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Saturday, May 23, 2009

Comments to discuss, 23 May 2009

Fallout of hostility towards bonuses to AIG employees

Comment by Anonymous:

It is also worthwhile to note that the AIG bonuses were contractual obligations of AIG, and that most of the folks who received them were working on a $1 salary, cleaning up after the ones responsible for the mess were fired.

A rapid recovery is unlikely

Comment by JD:

Some differences with your assumptions, though I would agree with the overall conclusion.

The US adminstration will not need to go back to the Senate to ask for more money to recapitalize banks. The original TARP money was created as preference shares. By sleight of accounting, converting these to ordinary shares achieves re-capitilisation. Secondly, the political environment has tilted in what, with hindsight, seems obvious - with Congress claiming that TARP money gives them a right to dictate to TARP banks. This is actually wrong - the US doesn't need to regulate the banks who are drowning, those banks are unlikely to do the same stupid things. It needs to regulate the banks who are now healthy and are going to rush in to do the stupid things that (they believe) made money in the past. However, the practical impact is that US Banks are trying as hard as they can to repay TARP money.

This doesn't fundamentally affect your analysis though, because European banks have not yet taken the writeoffs that they need to, so the basic point remains, sort of - that banks will be undercapitalized.

I fail to see why you think that there isn't the political will to effect bank regulation.

About pt #2, that is the reason for the stimulus package and near zero interest rates. That doesn't neccesarily mean that the economy is going to bounce back right away, just that the point that you make is well understood by policy makers, who are attempting to act against it.

About pt #3, mostly agreed, but my assumption is that the hugely lower factor cost of commodities, especially oil, is going to help.

The big change in the S&P 500 reflects a fundamental change in the pricing of risk (or risk averseness). One has to be wary of drawing conclusions from the price movements. Again, I mostly agree with the statement, but not sure that the conclusion directly follows from that data.

18 May 2009 is the reverse of 17 May 2004

Comment by jumpup:

We were tracking SGX NIFTY all through the morning, and not very surprisingly, the volume turnover was one of the lowest in NSE. To the tunes of 3k crore.

Around 90% which makes around 2700 crores was in FNO and the rest was in cash.

Very canny players could have seen a decisive move if they would have followed the huge 3300 PE activity on Friday. Till the last week, open, 3400PE was the hedge everybody was working on, yet on Friday, masses started becoming increasingly bearish.

On Friday, in a rare phenomenon, although the underlying NIFTY kept on rising,Calls rose, [Smart Money effect] and Puts appreciated as well[partly straddles, partly bearish bias]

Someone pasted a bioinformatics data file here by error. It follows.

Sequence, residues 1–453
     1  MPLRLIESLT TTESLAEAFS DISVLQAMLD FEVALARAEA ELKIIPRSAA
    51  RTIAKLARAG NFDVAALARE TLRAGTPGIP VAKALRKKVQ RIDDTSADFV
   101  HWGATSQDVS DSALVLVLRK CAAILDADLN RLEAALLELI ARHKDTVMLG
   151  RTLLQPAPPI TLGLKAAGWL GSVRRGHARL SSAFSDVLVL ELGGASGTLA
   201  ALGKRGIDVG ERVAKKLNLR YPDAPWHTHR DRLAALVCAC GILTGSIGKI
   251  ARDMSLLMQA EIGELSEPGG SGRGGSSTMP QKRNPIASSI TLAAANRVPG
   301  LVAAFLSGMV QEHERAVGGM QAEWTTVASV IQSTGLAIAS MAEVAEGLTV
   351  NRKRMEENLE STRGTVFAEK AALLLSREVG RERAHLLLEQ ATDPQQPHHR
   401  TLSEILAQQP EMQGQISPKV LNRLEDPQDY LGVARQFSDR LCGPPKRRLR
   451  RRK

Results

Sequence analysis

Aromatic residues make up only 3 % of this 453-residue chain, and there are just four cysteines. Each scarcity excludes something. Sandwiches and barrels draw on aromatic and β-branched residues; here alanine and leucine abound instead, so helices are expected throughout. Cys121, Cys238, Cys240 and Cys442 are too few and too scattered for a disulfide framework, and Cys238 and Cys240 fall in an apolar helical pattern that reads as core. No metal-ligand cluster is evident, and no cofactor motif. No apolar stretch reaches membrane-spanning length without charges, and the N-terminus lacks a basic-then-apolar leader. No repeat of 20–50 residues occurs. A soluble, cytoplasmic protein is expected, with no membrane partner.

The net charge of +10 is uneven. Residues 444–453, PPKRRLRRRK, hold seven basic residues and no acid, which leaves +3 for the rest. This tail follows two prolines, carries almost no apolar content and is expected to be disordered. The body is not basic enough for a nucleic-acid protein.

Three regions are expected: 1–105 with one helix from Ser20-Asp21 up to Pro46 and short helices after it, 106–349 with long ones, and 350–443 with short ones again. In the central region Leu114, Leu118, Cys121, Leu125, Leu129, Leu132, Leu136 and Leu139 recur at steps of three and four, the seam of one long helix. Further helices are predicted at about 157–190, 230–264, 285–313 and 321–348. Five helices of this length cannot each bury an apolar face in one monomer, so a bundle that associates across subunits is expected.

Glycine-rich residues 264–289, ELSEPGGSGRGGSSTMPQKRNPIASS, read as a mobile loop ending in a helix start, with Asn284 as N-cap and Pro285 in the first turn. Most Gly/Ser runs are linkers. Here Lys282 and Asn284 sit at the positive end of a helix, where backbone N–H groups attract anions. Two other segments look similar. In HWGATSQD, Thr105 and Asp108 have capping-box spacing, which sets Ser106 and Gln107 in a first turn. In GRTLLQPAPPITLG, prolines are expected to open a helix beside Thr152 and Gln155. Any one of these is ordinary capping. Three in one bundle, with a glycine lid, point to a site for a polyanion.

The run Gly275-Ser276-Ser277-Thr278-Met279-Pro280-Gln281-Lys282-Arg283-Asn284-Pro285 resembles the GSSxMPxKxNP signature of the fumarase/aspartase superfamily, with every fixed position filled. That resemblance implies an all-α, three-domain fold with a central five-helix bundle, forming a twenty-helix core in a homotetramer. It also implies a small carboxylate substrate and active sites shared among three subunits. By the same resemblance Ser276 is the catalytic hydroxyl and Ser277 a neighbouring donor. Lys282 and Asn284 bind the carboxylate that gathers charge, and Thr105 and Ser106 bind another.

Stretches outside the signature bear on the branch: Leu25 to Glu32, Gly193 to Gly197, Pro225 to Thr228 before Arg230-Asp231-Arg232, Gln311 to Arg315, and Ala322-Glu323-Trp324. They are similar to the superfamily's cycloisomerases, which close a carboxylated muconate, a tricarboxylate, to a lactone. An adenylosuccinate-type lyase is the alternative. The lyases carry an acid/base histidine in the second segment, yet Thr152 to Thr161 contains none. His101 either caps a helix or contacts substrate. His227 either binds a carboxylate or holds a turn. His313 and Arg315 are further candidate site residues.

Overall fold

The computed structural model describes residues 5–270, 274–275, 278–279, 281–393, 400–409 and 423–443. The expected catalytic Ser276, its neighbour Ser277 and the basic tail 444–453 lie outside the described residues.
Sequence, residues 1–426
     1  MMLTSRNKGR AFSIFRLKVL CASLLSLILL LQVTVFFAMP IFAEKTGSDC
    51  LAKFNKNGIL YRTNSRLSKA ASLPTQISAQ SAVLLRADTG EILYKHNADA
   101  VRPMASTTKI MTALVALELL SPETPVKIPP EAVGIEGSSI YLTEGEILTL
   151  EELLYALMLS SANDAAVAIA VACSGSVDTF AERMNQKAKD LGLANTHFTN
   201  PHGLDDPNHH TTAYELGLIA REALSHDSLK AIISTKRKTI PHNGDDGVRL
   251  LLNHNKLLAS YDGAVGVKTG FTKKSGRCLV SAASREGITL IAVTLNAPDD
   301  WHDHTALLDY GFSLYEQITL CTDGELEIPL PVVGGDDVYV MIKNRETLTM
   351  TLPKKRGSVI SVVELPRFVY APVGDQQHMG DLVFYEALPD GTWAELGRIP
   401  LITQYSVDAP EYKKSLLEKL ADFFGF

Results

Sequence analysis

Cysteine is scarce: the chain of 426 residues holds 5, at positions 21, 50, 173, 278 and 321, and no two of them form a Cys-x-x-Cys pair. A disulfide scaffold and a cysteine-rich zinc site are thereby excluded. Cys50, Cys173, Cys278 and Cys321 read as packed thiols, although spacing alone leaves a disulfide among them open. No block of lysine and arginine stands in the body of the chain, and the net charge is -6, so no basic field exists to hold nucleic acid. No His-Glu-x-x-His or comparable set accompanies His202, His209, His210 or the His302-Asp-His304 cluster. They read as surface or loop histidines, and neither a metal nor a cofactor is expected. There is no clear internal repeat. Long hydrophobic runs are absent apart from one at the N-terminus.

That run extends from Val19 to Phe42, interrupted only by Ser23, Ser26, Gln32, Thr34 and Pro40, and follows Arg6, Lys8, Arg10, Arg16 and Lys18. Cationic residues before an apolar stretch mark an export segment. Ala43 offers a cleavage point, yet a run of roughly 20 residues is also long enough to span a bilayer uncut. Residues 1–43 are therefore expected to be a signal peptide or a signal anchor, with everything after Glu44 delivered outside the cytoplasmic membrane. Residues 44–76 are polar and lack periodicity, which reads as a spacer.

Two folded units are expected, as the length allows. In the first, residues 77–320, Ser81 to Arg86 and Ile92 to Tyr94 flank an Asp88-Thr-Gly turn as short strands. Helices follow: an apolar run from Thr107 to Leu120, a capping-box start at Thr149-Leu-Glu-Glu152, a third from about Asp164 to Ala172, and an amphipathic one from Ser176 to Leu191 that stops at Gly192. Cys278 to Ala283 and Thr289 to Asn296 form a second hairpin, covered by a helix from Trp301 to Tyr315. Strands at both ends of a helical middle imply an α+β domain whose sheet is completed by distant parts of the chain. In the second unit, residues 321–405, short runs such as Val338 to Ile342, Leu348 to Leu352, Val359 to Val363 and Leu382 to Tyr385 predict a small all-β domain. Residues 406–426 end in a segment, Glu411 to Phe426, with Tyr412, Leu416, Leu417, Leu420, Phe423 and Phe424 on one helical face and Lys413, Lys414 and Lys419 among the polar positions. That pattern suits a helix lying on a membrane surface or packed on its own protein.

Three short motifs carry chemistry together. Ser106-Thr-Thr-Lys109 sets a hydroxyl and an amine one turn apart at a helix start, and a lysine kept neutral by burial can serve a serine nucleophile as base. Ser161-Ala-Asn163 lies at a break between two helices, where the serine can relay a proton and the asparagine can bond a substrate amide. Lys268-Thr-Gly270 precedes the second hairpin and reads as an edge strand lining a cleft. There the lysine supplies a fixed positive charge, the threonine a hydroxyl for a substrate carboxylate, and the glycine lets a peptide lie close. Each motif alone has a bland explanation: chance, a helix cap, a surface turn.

1. It not that rare a phenomenon to see both calls and puts go up in value. Check out option premiums for a stock before earnings (or for a healthcare stock before a drug trial result is announced).

    Btw, a better comparison is to look at implied vols. On Friday, the 3300 PE was indeed expensive at 65% implied vol. The 4000 CE implied vol was less than 50%.

    The 3300 PE at similar 50% vol would have been priced half as much as it was of Fri.

    Nothing extraordinary about it - the puts were in demand (higher volume than for the calls) and were more expensive.

  2. Btw, the shift from 3400 PE to 3300 PE is not that surprising either. The more OTM the put the greater the percentage increase would be. As with any OTM option, people are buying lottery tickets. As implied vol increases due to increased put demand, interest shifts out to comparatively cheaper further OTM options.

  3. Vivek I agree...

    The rise in PE and CE both happen when there is vey low volatility in the mkts. It has surely happened in the past and wil repeat again in the future. No doubt.

    But two things, Friday was not a low volatility day. Secondly, the rise in cost of PE was huge, 30 odd pc though the underlying rose and closed near days high, around 3685 circa.

    And the lottery logic is often a way traders use to form a bias. Smart money was writing ITM PE :D on Friday


  4. Jumpup,

    I don't understand why this would usually happen on low vol days. It may be easier to see variance between implied vol and real vol when real vol is low but that may be all there is to it.

    Increase in puts by 30% when the market is up 2% is not that unusual if implied vol jumps significantly (demand for puts increases) to compensate for the decrease in put value due to the underlying being up.

    Secondly, this is a common thing with options. For example, the earnings in the US have been highly uncertain for the last quarter. One of the common option strategies has been to buy slightly OTM straddles on a stock a week before earnings and sell just before earnings are released. This is a way to buy vol cheap and sell increased vol into earnings without taking on the event risk. Additionally, after earnings the option premia for both calls and puts decreases dramatically (if you factor out the change due to the underlying move) as the event risk is now gone and implied vol is essentially sucked out of the options. So it may not be worth waiting until after the event has occurred to sell the straddle.

    So, yeah smart money would be a buyer of options/vol atleast a week before the event and will always sell into the event sometimes leaving a fraction of the position on as a lottery ticket.


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